Hip hopping onto centre stage

Aine O'Boyle

Credit: Wikipedia

With each generation of festival goers, a particular genre of music will dominate among both headliners and other acts alike, essentially defining the style and image representative of that festival.

In recent years hip-hop has come to the forefront of the festival scene, breaking away from the roots of what would typically have been perceived as the genre of music played at festivals.

Woodstock, the first major festival that discerned our perception of what a festival is today was synonymous with rock and roll. Into the 1970s it defined a generation of free-spirited young people, looking for a place where they could revel in the music that they grew up listening to. As festivals became such a huge part of popular culture during the noughties, the presiding style of music played was Indie, with festivals such as Glastonbury acting as a haven for those looking to hear all of their favourite Indie bands play within a few heavenly days of each other.

Since then, a huge cultural shift has occurred, a rise in hip-hop and critical interest in pop has meant that many music festivals have had to completely rebrand themselves as the demographic of audiences attending these festivals has changed.

Some argue that indie music is dead, as many of the bands’ most prominent in this genre are no longer making music that appeals to the masses.

For the most part it is not a case that indie music is dead but rather shows one of generational divides in music. It is merely a factor of the natural cycle of life, the generation of young people that once attended music festivals, making up the most part of the audiences has since grown up and moved away from the music festival scene.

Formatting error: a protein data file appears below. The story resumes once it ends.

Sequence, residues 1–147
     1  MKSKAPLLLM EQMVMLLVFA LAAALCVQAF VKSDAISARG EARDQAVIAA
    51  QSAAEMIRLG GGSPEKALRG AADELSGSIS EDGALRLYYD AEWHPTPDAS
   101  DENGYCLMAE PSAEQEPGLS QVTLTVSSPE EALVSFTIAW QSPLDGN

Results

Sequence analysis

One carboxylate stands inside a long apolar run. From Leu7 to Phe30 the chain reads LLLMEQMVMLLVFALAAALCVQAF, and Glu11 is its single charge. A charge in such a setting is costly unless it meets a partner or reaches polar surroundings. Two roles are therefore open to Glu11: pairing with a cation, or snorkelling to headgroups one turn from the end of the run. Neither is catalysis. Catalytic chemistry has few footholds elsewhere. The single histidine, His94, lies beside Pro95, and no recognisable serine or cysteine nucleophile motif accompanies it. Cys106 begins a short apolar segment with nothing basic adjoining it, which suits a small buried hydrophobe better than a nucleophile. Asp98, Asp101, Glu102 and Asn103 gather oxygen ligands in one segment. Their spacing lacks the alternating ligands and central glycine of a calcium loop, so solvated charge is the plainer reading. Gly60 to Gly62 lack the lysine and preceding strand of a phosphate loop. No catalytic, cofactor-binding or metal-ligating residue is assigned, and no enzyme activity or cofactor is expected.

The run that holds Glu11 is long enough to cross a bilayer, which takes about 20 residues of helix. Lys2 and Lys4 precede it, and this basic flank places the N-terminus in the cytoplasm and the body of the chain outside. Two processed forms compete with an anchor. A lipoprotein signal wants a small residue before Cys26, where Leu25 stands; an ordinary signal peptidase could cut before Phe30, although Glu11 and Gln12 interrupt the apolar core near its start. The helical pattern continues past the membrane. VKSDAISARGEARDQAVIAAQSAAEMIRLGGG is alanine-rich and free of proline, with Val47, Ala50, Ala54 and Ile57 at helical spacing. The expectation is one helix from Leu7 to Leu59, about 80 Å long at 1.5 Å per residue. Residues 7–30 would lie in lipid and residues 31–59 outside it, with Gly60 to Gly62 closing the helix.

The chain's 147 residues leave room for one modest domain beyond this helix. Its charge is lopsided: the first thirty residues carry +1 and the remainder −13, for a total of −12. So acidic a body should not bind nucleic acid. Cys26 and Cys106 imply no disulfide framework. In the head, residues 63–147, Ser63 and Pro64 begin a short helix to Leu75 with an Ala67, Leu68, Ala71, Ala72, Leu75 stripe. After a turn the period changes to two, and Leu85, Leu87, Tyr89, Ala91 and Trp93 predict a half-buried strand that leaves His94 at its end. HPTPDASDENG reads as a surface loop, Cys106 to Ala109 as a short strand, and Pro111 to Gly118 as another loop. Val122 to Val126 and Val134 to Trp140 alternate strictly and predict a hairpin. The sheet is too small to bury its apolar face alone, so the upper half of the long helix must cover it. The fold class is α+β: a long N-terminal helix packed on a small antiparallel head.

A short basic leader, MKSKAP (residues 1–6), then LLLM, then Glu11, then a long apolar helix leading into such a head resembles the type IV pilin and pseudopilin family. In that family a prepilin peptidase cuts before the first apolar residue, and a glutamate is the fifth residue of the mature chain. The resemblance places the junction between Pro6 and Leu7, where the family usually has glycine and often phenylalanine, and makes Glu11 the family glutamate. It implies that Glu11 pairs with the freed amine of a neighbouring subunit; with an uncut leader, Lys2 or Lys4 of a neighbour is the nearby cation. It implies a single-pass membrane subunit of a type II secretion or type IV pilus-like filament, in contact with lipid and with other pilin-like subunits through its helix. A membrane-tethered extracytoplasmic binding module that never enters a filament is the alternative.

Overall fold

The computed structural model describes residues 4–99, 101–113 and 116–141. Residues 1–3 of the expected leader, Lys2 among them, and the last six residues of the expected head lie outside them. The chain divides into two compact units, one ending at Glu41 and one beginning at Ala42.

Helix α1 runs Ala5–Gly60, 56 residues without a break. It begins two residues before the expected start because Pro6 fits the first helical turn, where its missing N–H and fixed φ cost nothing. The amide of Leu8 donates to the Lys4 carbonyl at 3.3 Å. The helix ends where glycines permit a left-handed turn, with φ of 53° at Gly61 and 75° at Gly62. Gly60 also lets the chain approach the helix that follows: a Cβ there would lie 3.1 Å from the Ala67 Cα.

In their place is a demographic of people that grew up listening to a different style of music dominating popular culture: hip-hop. As indie music went below the radar towards the later part of the noughties and onwards, hip-hop was consolidated as the most widely listened to genre in music festivals.

In 2015 Kanye West headlined Glastonbury festival, setting the tone for what would soon become an onslaught of hip-hop headline acts at mainstream festivals, with his erratic and minimalistic performance demonstrating that theatrics aren’t necessary components of a good performance.

The choice to make West a headline act at Glastonbury caused outrage among a huge portion of the public, with many people displeased at the thought of Glastonbury reforming its image and traditional values.

Since then several festivals have completely rejigged themselves into primarily hip-hop festivals; Longitude being a shining example of this.

In the beginning Longitude attracted a huge audience of Indie-loving fans, with acts such as Ben Howard, Haim, and Hozier headlining before the popularity of Longitude really came into fruition.

This year the festival had a renaissance of sorts, with headline acts such a J-Cole, Travis Scott, Sza, and Solange consolidating the transition of Irish festivals into a primarily hip-hop orientated scene.

Aine O’Boyle

Image Credit: Wikipedia